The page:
Why was the rich man tormented in the grave? It is because he saw a lake of fire before him and realized the time of his judgment before God has arrived. WHEN is he brought back to life? In the second resurrection, which occurs during the White Throne judgment (Revelation 20:11-15). The purpose of this resurrection is not just to offer all mankind a first REAL chance at salvation. Its purpose is also to punish the incorrigible wicked by having them face their judgment and be thrown into the lake of fire. Is this, then, the HELL where people suffer forever? NO! The punishment of the wicked is to die a second time - for all eternity. They will be dead forever, meaning put out of existence entirely with no chance of being brought back to life. The lake of fire totally destroys, for forever, what is thrown in it. Humans thrown in it are consumed and become eternally DEAD (Revelation 20:12, 14-15). The lake of fire is used to bring the second death, not the first chance to endlessly be tortured by a loving God.

Father Abraham! Take pity on me, and send Lazarus to dip his finger in some water and cool off my tongue (Verse 24)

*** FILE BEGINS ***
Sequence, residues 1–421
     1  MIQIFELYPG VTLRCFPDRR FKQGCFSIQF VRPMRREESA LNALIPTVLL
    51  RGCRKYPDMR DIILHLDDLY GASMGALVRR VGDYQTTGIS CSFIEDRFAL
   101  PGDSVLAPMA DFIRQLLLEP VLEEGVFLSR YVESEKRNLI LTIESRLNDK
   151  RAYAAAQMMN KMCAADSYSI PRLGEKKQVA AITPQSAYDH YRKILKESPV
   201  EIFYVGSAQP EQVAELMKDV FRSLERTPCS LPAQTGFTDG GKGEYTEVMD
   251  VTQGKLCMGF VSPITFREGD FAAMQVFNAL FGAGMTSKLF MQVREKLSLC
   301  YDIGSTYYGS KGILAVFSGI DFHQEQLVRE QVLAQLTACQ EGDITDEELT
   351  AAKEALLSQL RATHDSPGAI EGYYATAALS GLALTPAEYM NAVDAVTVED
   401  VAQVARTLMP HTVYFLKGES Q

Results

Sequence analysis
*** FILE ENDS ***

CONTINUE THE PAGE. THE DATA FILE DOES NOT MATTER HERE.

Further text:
Seeing Abraham the rich man appeals to him to send Lazarus to cool his tongue with a drop of water. What happens when one is suddenly so horrified with fear? His mouth goes dry. His tongue sticks to his mouth and throat! It is in such desperation that he cries for even a drop of water - which, ironically, because of his hard heart he didn't even give Lazarus who sat by his gate.

Jesus is here relating the shocking difference in the rich man's plight versus the immensely different situation of the beggar, the one whom God helped. We also read some more proof why this story should not be taken literally in all details. How could the well-off person know who Abraham was when he had been dead for 1,800+ years? Also, it would be very difficult for the rich man to recognize Lazarus in a glorified body - as he had been an emaciated pile of bones and flesh and full of sores during his physical life. The difference would have been appalling. Additionally, this verse reiterates how the roles of these two men have changed. The rich man was without need of help when Lazarus was in dire straits and now he is in a dire situation when Lazarus is without need. In effect, Christ is giving a warning to the Pharisees that their state in life could quickly change, therefore they should not be so smug and look down on others.

Remember, my son, that in your lifetime you were given all the good things, while Lazarus got all the bad things. But now he is enjoying himself here, while you are in pain. 26 Besides all that, there is a deep pit lying between us . . . (verses 25-26)